It is not correct to question the diagnosis of acute PE in 27% of our patients just because they did not undergo pulmonary angiography or ventilation/perfusion lung scan. In fact, all but 6 of these 191 patients (97%) had echocardiographic evidence of acute right ventricular pressure overload and/or pulmonary hypertension according to the criteria listed in the Methods section of our article.R1 Bedside echocardiography is a valuable noninvasive diagnostic tool in patients with clinically suspected acute major PE, especially in the emergency room or intensive care unit. The diagnostic accuracy and reliability of echocardiographic findings has been demonstrated repeatedly by our work groupR2 R3 as well as by others.R4 Besides, echocardiography is particularly useful for risk stratification and prognostic assessment of patients in the setting of acute PE.R5 Therefore, confirmation of major PE by echocardiography “alone” is by no means a “tremendous design flaw” or a factor causing selection bias, as Dr Metersky suggests. In fact, rather the opposite is true: a study including only patients who are able to undergo angiographic or scintigraphic procedures would unavoidably select a clinically stable patient group with favorable prognosis. This point of view is strongly supported by the recently published results of the Management and Prognosis of Pulmonary Embolism Registry.R6 In our study,R1 statistical analysis focusing only on the subgroup of patients with pulmonary angiograms or lung scans (n=528) would yield a 30-day mortality rate of 4.3% in patients given thrombolytic treatment as opposed to 9.7% in heparin-treated patients (P=0.05). Of particular importance, however, is the fact that the independent effect of early thrombolysis on death risk as assessed by multiple logistic regression analysis would remain virtually unchanged (odds ratio of 0.44 as opposed to 0.46 in the entire patient populationR1 ). As might be expected, the 95% confidence interval would become slightly larger (0.18 to 1.11) and the P value slightly higher (0.08) due to the smaller number of patients considered in such a statistical model.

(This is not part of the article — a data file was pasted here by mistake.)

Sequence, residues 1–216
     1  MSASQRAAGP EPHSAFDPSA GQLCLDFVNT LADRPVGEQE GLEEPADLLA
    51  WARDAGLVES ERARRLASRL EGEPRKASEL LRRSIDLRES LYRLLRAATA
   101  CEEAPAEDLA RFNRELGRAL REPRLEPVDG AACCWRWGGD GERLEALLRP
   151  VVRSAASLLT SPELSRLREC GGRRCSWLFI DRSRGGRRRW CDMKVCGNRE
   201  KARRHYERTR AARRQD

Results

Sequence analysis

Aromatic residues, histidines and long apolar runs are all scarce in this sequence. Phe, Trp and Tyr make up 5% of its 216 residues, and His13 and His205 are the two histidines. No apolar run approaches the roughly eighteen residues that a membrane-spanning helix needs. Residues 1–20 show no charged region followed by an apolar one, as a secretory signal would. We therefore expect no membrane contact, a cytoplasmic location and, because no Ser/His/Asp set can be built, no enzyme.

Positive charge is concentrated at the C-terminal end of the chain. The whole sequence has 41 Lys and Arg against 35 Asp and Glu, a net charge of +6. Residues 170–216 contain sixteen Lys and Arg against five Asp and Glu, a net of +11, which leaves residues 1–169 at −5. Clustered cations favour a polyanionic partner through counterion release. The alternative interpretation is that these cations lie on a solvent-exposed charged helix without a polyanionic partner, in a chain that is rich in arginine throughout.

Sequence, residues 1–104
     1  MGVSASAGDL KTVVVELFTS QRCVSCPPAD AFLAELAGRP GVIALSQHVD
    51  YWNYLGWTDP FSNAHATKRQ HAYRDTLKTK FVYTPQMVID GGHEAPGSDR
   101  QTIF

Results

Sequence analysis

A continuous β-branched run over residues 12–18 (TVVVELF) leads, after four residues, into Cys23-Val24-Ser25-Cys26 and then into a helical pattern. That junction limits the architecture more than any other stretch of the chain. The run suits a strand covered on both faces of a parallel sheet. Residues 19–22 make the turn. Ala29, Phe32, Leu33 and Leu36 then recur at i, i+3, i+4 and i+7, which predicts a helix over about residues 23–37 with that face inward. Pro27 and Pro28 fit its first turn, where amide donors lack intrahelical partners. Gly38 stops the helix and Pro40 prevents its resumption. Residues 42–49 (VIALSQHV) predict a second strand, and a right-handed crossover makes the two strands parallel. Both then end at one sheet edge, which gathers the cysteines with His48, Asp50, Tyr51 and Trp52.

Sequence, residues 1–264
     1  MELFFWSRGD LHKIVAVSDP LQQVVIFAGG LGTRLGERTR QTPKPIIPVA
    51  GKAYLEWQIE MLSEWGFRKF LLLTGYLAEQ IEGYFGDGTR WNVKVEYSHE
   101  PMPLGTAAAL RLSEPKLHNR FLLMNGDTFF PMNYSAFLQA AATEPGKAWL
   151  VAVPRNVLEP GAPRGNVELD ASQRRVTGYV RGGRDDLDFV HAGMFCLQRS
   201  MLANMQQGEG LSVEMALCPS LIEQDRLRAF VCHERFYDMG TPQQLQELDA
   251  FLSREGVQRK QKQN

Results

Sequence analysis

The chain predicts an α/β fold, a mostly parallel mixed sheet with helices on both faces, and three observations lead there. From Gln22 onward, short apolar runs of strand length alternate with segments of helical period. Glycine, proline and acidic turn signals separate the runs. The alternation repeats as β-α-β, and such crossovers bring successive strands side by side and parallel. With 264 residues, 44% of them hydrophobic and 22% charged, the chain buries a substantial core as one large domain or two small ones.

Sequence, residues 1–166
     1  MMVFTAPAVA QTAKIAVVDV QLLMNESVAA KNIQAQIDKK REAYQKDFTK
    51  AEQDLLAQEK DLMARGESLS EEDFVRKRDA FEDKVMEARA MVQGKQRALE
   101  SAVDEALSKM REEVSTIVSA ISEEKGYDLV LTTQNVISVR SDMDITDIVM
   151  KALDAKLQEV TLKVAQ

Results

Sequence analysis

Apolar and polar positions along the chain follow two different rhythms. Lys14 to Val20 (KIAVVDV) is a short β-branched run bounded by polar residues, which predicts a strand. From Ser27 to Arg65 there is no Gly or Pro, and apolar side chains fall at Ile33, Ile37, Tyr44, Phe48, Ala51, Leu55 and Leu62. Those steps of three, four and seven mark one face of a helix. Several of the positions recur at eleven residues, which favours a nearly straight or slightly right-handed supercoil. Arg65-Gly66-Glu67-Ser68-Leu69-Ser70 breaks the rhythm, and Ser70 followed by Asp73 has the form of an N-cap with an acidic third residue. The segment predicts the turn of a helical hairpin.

In conclusion, it would be, in our opinion, inappropriate and misleading to alter the inclusion criteria of the present registry retrospectively, because we would only consider patients with better in-hospital outcome without further improving the (already high) diagnostic accuracy of cardiac ultrasound. On the other hand, the association found between thrombolysis and the prognosis of acute major PE remains compelling irrespective of which diagnostic procedures were performed in each case. Thus, our results do suggest a clinical benefit of thrombolytic treatment for clinically stable patients with acute major PE. Of course, a definite statement on this issue must await the results of a prospective randomized trial, as already stressed in our article.R1
Konstantinides S, Geibel A, Olschewski M, Heinrich F, Grosser KD, Rauber K, Iversen S, Redecker M, Kienast J, Just H, Kasper W. Association between thrombolytic treatment and the prognosis of hemodynamically stable patients with major pulmonary embolism: results of a multicenter registry. Circulation. 1997;96:882–888.
Kasper W, Geibel A, Tiede N, Bassenge D, Kauder E, Konstantinides S, Meinertz T, Just H. Distinguishing between acute and subacute massive pulmonary embolism by conventional and Doppler echocardiography. Br Heart J. 1993;70:352–356.
Konstantinides S, Geibel A, Olschewski M, Kasper W, Just H. Acute pulmonary embolism: the value of echocardiography for identification of high-risk patients. Circulation. 1997;96:I-25. Abstract.